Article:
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For the last few years Sony has been working harder to improve the way it engages with its audience using storytelling techniques.
Tim Lion is the European head of social media at Sony and during his talk at last week’s Festival of Marketing he admitted that it would be “a fallacy to suggest that what they were doing was a roaring success”.
However finding the right tone and content to connect with an audience is a lengthy process that takes a great deal of trial and error, especially if you’re a brand that’s just used to broadcasting technical specs for the last 70 years to an incumbent audience.
Things are improving though, and Lion’s social team seems to be learning from its mistakes.
I’ve written before about the difficulties of the word 'content'. It’s too often bandied around in discussions that lose sight of its meaning to viewers versus its importance in their strategy. And that blindness is costly.
But you quickly find yourself drawing on it because it’s the common reference. Much of the time, that will remain true.
Sometimes, however, it’s worth thinking again to see if there’s another descriptor more suitable. Perhaps another descriptor that can focus on a different detail and a different priority and help you concentrate on what matters.
The old rules don’t apply anymore. 24 hour news, social media and the rise of consumer and user created content has meant that PR people have to manage brands in real-time.
If you ask younger people if they read a newspaper chances are they’ll say no. They get their news online, via social media. The only television they watch is on-demand, they’re certainly not watching mainstream TV that we’re traditionally used to.
They have their own laptops, mobiles and tablets. They watch Netflix or iPlayer. They love YouTube.
Adrienne Liebenberg is global B2B marketing director for BP Castrol.
She spoke at the Festival of Marketing about how the company has moved away from traditional comms and PR and into thought leadership and a focus on how the customer interacts with the brand.
How has one of the oldest and most high profile industries adapted to the rise of social media?
Two years ago, social was something that the publicity department did on the side. Universal has since built a specific social team and overseen a complete change in marketing strategy.
Albert Hogan is the head of digital strategy at Universal Pictures UK and he talked at our Festival of Marketing this morning about how the studio has learnt to engage with a very vocal film-loving audience across social.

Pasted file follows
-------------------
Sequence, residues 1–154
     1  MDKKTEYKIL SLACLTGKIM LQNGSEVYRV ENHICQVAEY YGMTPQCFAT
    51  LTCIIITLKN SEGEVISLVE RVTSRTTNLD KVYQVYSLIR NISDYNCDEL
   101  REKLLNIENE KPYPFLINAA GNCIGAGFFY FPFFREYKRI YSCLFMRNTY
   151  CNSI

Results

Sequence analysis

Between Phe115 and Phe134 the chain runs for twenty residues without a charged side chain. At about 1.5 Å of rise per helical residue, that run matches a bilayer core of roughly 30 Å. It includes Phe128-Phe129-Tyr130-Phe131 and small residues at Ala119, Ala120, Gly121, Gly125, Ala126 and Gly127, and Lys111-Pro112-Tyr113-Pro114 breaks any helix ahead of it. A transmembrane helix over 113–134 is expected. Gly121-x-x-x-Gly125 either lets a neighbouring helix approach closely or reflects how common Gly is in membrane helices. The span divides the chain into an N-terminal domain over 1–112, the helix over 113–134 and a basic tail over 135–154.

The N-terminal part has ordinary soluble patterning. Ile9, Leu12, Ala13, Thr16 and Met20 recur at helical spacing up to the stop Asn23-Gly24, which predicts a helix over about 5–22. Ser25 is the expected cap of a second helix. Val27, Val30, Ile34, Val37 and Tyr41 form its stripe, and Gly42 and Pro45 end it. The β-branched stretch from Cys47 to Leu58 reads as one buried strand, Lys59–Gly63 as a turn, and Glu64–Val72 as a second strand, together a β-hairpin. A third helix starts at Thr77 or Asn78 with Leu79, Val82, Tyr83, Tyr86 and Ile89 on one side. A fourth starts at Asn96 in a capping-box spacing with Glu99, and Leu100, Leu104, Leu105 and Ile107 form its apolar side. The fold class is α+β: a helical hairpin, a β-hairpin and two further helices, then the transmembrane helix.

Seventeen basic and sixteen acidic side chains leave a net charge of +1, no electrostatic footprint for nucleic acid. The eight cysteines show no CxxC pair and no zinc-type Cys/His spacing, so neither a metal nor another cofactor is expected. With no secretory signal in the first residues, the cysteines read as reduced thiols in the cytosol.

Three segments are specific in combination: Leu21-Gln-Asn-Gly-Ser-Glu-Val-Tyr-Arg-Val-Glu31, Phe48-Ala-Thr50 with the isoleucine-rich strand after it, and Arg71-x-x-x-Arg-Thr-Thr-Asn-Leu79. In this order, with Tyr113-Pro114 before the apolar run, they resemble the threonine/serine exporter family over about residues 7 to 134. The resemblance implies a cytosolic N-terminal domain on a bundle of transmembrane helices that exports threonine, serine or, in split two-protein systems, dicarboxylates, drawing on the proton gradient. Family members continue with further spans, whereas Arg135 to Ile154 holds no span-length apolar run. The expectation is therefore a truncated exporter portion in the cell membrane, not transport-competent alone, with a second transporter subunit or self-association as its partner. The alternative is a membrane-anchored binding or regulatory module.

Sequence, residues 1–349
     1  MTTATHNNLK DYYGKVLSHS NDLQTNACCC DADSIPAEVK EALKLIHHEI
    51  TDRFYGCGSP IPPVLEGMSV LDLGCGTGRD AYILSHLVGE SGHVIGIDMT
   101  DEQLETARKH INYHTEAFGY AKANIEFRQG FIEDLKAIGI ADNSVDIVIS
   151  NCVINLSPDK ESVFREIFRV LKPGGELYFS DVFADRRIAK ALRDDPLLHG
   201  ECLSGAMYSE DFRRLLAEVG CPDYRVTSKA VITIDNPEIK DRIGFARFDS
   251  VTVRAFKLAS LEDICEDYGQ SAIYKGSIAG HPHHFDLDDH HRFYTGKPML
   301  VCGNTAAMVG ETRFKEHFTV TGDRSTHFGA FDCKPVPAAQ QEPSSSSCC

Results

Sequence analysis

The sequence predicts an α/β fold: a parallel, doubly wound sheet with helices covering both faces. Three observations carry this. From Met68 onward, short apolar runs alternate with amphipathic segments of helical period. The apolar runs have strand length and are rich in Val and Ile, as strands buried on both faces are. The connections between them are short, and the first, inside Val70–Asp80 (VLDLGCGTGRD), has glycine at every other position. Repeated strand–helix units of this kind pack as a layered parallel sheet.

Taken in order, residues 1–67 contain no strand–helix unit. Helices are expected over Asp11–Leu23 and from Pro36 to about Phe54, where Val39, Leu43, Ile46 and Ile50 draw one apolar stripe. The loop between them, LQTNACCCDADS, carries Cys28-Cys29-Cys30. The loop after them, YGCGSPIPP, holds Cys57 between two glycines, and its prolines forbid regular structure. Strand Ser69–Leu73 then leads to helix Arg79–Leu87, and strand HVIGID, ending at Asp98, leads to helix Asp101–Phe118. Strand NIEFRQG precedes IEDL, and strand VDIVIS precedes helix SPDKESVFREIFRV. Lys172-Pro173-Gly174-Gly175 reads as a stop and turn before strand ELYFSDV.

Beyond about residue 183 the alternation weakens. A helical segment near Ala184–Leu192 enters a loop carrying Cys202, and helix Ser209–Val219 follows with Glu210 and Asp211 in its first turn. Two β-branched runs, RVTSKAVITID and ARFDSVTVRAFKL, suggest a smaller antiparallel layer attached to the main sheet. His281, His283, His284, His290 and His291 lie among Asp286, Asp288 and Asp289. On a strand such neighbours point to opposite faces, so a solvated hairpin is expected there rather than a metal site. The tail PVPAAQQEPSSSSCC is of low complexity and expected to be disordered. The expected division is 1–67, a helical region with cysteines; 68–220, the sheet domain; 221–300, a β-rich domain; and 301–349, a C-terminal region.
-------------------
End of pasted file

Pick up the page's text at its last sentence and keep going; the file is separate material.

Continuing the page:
Velocity's Doug Kessler spoke at the Festival of Marketing today on the topic of 'Insane Honesty in Content Marketing'.
As Doug explained, mere honesty is something that should be a given in marketing, for ethical reasons, but insane honesty is a choice.
Essentially, it means sharing your weaknesses and showing them openly. Putting your worst foot first.
Sharing weaknesses and minus points makes the rest of the marketing much more believable.
Everybody talks about the need to provide quality content on your site if you want to rank well in searches. But how do search engines identify quality content?
Successive Google algorithm updates (culminating in the recent Panda 4.1) aim to refine results so that they match the intent of the search query and deliver the most comprehensive, accessible and well-written answer.
Social media plays such an important role in publishing that sharable and fun interactive content is now the way to elevate a piece from 'buzzy' to 'viral'.
Buzzfeed and The Guardian have proved masterful at this (for different reasons) but there are plenty of other publishers and organisations getting in on the act.
Here's just a few of them..
I've kept this list simple and it's a fairly accurate idea of what I use day-to-day.
I didn't use any of these tools when I started working on the Econsultancy blog. I'm still not an advanced content creator but I do have some small tricks up my sleeve.
Take a look at this list of tools to aid you in your image, video and text travails.
In the UK, every vehicle over three years old used on public roads must undergo a test to check it’s roadworthy.
It’s known as the MOT (Ministry of Transport) test and, like death and taxes, it’s inevitable.
You rarely hear any major protests from car owners - the last thing they want is for the various bits of steel, aluminium and electrical wiring to fall apart when they’re travelling at 70mph down the A31.
They understand it’s in their best interests to give their car a thorough check-up every so often - it would be marvellous if every website owner felt the same way, introducing a regular COT (Content Optimisation and Taxonomy) test.
Content is very important for SEO, but this should also come with caveats, as simply creating more and more isn't always the answer.
Following on from yesterday's post on sub-domain conflicts, here I'll look at a few examples where brands' content-led pages are harming their search rankings.